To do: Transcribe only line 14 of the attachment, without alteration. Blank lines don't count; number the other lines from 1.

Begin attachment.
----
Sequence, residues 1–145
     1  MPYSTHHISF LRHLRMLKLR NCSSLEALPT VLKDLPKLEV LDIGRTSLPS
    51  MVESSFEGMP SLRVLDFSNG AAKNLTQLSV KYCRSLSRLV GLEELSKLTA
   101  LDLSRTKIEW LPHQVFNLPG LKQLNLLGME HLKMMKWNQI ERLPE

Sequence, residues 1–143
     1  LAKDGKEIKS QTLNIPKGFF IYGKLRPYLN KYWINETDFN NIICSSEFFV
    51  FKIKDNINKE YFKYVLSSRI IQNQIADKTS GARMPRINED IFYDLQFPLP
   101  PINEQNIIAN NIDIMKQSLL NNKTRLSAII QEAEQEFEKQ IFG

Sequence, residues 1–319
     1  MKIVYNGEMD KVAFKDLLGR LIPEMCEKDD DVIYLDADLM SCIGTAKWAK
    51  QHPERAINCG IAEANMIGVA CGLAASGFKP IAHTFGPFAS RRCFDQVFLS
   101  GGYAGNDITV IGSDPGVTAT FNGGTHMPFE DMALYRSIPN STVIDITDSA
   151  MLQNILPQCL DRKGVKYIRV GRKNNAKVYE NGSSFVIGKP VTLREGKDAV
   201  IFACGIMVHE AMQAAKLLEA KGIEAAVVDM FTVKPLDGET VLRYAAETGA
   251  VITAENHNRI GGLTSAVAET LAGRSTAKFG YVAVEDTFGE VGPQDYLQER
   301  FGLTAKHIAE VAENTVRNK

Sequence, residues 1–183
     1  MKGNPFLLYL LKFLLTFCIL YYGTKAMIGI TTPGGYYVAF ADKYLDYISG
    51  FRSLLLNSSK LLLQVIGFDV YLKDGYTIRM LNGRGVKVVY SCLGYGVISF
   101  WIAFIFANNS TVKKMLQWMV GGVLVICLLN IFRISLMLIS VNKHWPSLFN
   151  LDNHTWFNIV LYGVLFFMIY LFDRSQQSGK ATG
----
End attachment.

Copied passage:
   201  IFACGIMVHE AMQAAKLLEA KGIEAAVVDM FTVKPLDGET VLRYAAETGA